How to avoid ‘one-way’ leadership

When you think of great leaders, you likely think back on your own experiences with leaders in years gone by. It’s something we all have in common, whether we’re Senior Leaders or just starting out in our first job, we all interact with managers and leaders who set the standard for what we expect – for better or worse. 

But, when the time comes for us to step into management positions, it’s all too common to forget the examples they’ve set, falling into the trap of ‘one-way’ leadership and, ultimately, letting down our teams. 

What do you expect from your leaders? 

To figure out which leadership traits are important to employees, we only need to look at what causes low morale – those things are usually great indicators of where leadership is going wrong and therefore, what employees expect. 

According to the Harvard Business Review, some of the most frustrating things a leader can do (and often leads to employees quitting) include, setting inconsistent goals, having too much red tape, setting resource-wasting tasks, creating a psychologically unsafe environment and being treated unfairly because of bias. 

We all want our leaders to: 

  • Be transparent and clearly communicate with us 
  • Assist in solving problems, rather than creating more hurdles
  • Value our time, energy and other resources
  • Listen to us and create a working environment where trust reigns 
  • Treat us with respect 

Are you delivering on these expectations in your own leadership? 

It may seem obvious, but when it comes time to step into a leadership role, these expectations still exist. This time, you’re on the other side, with your team expecting all of these things from you. 

Too many leaders forget this and, instead, believe that their role is to tell their team members what they’re doing well and what they’re not doing well, with the conversation only operating one way. 

And, the reality is, that unless you are at the very top of your organisation with no one to report to yourself, you would still have a manager or leader that you expect these things from. 

Two-way leadership in action 

Every day will offer up unique opportunities for your team to ‘manage’ you to build a leadership-team relationship that thrives.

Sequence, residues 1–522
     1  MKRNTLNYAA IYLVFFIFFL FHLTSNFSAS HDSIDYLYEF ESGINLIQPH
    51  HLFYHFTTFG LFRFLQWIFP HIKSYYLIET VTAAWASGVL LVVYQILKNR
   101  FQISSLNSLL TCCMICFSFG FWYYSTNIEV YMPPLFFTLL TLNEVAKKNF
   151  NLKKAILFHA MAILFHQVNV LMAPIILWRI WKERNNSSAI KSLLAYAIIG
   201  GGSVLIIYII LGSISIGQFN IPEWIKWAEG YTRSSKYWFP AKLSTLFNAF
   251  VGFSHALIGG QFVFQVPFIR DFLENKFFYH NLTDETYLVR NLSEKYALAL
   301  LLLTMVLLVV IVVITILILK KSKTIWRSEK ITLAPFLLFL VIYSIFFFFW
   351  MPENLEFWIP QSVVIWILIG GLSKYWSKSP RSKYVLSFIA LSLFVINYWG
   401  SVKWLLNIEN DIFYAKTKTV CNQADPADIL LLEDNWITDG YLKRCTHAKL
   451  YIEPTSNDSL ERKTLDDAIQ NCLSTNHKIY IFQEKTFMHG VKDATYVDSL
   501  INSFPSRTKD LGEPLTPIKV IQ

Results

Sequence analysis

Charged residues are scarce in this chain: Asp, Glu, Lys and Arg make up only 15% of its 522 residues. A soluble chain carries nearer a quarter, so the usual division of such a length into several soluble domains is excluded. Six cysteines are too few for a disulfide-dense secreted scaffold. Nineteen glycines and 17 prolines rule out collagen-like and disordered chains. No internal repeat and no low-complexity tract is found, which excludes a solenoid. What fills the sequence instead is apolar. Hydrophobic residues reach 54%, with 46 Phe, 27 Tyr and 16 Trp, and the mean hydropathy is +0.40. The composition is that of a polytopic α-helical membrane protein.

A typical example might be a 1:1 meeting. Allow your team members to speak first, to hear what they have to say as you give them your full attention. They’ll have questions, things they want to celebrate, concerns and frustrations – when you let them speak first, you get an insight into their reality in the team while allowing them to be listened to and taken seriously. 

Being managed by your team isn’t some strange manipulation exercise. It’s an opportunity to: 

  • Understand their priorities 
  • Build trust with your team 
  • Discover the real problems 
  • Gain more visibility into the daily happenings of the team
  • Work on effective solutions after understanding their problems 
  • Detect any conflict in the early stages so it can be diffused 

This doesn’t mean that your team runs the show – meetings can still cover off the topics you need to get into, but allowing them to go first and giving them space to be heard can be the foundation of a healthy leader-team relationship that thrives on open communication. 

Leadership is not a one-way street where leaders direct their team and the lines of communication are closed. Consider what you expect of your own leaders – or the leaders in your past – and keep it in mind as you go about your own leadership. 

Want to work on opening up your leadership? People Make the Difference can help. To find out more, visit or call us on 0412 333 415. Try our online leadership training videos – $99 for complete access. Great value if you’re committed to growing your leadership potential.